From: Roozbeh Pournader (email@example.com)
Date: Thu Aug 13 2009 - 14:10:52 CDT
On Fri, 2009-08-14 at 01:54 +0900, firstname.lastname@example.org wrote:
> I guess the writing direction is not so important factor to
> determine the slanting angle of cursive script, but the hand
> (left or right) to write the script could be important.
> The traditional cursive CJK script in vertical writing mode
> also tends to make a horizontal line slanted from left-lower
> to right-upper.
It is, at least to Persian (written in the Arabic script). For emphasis,
we slant text both to the right and to the left, but slanting to the
left looks much better and is what a good typographer would usually do.
The originator/creator of left-slanted type for Persian was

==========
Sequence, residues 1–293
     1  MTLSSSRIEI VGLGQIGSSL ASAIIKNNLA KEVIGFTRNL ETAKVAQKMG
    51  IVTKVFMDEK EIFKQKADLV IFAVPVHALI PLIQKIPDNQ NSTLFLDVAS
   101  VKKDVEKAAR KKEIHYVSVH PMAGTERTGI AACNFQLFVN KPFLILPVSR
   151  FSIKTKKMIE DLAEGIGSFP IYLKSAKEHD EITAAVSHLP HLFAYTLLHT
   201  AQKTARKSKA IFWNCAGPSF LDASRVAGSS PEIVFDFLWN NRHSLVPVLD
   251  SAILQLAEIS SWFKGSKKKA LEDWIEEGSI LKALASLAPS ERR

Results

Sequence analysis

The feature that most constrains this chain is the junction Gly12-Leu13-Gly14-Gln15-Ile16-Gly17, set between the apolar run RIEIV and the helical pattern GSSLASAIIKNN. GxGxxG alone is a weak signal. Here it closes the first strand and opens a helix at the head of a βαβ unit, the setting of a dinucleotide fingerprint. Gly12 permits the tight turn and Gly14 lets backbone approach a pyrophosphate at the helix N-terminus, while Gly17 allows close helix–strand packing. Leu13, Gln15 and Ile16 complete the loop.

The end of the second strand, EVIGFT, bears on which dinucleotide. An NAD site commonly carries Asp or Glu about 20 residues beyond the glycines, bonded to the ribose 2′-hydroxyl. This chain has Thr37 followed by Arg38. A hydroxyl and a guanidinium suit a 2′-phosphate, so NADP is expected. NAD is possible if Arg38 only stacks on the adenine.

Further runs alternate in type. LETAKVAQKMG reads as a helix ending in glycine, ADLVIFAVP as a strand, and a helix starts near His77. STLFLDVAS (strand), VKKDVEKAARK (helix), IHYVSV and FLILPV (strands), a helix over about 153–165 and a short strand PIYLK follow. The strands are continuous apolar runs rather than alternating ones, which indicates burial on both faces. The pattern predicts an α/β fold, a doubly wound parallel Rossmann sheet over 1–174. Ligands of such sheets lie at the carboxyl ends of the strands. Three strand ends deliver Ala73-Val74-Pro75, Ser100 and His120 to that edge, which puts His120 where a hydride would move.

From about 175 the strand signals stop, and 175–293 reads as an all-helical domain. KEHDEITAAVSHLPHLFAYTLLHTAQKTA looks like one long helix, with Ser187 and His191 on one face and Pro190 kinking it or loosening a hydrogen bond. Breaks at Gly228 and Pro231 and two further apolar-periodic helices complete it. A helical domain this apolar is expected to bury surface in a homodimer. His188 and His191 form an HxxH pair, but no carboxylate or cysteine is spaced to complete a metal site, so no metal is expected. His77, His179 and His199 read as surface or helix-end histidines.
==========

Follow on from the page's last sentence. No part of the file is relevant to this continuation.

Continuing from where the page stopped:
Gholamhossein Mosaheb (1910-1979). He named it "Iranic", to emphasize
the direction of the slant. Typographers in Iran use the term commonly,
call these two types "Italic" (slant to right) and "Iranic" (slant to
left). Still, only a handful of Persian fonts available in the Iranian
market have *true* Iranic (some are only true Iranic, with no upright
counterpart). Mostly, they are like oblique/slanted, just slanted to the
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